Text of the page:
Written in Ink
Written in Ink

So here's the other thing about the Breaking Bad finale: Sometimes I get the impression that Vince Gilligan hates the American Family.
The early-Walt is a brilliant, successful scientific researcher, co-founder of a hot startup, respected for and enthusiastic about his work. We see him and Skylar, pregnant, house hunting; Walt is already looking to trade up.
Next thing, as far as I can recall (but I have a lousy memory), Walt has left the company (why is unclear) and has dead-ended. He hates his job trying to drum the periodic tables into his high school students; he works a second, menial hourly gig. If he's doing this for any reason other than to support his wife and special needs son, and fulfill his role as family man, I haven't heard of it. The field is set for Heisenberg to emerge, and the rest is TV history.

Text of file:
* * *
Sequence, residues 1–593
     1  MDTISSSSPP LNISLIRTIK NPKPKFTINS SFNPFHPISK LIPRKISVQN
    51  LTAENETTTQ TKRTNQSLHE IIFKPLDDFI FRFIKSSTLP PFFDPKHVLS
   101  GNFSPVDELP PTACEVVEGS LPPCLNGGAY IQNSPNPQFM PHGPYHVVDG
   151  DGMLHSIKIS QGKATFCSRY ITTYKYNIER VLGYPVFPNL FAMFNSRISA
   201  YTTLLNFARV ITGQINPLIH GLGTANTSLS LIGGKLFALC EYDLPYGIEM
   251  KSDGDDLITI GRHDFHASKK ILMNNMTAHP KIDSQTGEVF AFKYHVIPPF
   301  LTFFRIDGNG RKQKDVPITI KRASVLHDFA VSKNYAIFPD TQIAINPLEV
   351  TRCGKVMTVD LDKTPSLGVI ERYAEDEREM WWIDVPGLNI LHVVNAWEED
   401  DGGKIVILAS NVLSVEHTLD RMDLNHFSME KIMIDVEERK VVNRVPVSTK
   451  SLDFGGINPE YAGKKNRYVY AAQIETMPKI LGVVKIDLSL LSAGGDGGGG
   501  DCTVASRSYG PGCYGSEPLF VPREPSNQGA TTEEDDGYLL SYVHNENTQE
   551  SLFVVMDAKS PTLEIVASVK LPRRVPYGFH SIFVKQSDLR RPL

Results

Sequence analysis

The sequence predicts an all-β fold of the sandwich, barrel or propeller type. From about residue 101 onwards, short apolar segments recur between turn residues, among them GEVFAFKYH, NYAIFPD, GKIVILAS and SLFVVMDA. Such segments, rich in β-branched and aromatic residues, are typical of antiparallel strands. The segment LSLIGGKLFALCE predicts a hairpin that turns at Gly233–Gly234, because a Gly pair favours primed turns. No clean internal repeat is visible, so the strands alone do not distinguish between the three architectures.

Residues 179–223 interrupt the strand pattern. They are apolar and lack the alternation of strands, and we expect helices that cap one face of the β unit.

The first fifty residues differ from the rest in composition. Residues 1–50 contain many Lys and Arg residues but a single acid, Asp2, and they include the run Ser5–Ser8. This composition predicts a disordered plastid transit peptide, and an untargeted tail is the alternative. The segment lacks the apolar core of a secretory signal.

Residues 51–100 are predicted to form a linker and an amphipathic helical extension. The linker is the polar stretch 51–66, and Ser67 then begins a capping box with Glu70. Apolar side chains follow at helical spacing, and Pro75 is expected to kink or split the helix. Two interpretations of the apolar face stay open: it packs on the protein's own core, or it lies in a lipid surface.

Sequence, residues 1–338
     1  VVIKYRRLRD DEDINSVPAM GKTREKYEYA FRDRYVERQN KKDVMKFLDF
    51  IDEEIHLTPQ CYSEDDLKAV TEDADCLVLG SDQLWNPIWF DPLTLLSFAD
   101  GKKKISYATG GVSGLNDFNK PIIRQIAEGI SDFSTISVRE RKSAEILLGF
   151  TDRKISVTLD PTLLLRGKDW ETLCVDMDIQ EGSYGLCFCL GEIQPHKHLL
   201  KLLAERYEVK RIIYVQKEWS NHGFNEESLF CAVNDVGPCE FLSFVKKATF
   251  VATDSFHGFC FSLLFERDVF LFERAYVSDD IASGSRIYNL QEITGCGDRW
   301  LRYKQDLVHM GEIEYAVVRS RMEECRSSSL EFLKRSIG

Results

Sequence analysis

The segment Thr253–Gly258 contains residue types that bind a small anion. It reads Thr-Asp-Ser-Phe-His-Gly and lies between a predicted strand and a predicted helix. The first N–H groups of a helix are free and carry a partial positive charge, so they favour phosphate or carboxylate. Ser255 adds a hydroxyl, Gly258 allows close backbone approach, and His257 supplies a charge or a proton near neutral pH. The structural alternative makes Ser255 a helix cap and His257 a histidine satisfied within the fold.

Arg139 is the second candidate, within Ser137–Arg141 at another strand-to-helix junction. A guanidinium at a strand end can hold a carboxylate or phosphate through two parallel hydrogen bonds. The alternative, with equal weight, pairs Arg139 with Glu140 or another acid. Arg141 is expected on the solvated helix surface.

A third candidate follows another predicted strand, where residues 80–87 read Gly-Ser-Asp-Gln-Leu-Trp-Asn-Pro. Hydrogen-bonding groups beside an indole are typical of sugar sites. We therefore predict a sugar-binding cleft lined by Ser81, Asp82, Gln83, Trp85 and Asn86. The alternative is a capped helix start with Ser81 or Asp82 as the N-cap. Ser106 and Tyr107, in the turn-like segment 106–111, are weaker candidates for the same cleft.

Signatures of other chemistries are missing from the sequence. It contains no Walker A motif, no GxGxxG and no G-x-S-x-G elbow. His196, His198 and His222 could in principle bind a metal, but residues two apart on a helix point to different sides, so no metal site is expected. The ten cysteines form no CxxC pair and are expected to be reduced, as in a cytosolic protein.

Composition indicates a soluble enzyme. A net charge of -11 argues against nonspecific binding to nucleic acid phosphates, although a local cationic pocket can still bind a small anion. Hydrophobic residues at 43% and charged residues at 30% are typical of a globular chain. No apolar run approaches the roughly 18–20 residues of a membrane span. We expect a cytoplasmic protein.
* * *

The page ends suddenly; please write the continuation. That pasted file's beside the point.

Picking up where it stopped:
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Illustration for article titled Walter White, Family Man

Throughout the series, Walt claims he is doing everything for his family. I'm among those who think that, for a while at least, he believes what he is saying. It isn't until the finale that Walt finally admits to Skylar (and to himself?): "I did it for me. I liked it. I was good at it. And... I was ... really... I was alive."
Family and the obligations that go with it suck the life out of Walter White and leave him an empty husk — a member of America's other walking dead. It's a deeply cynical and pessimistic view, but there it is...

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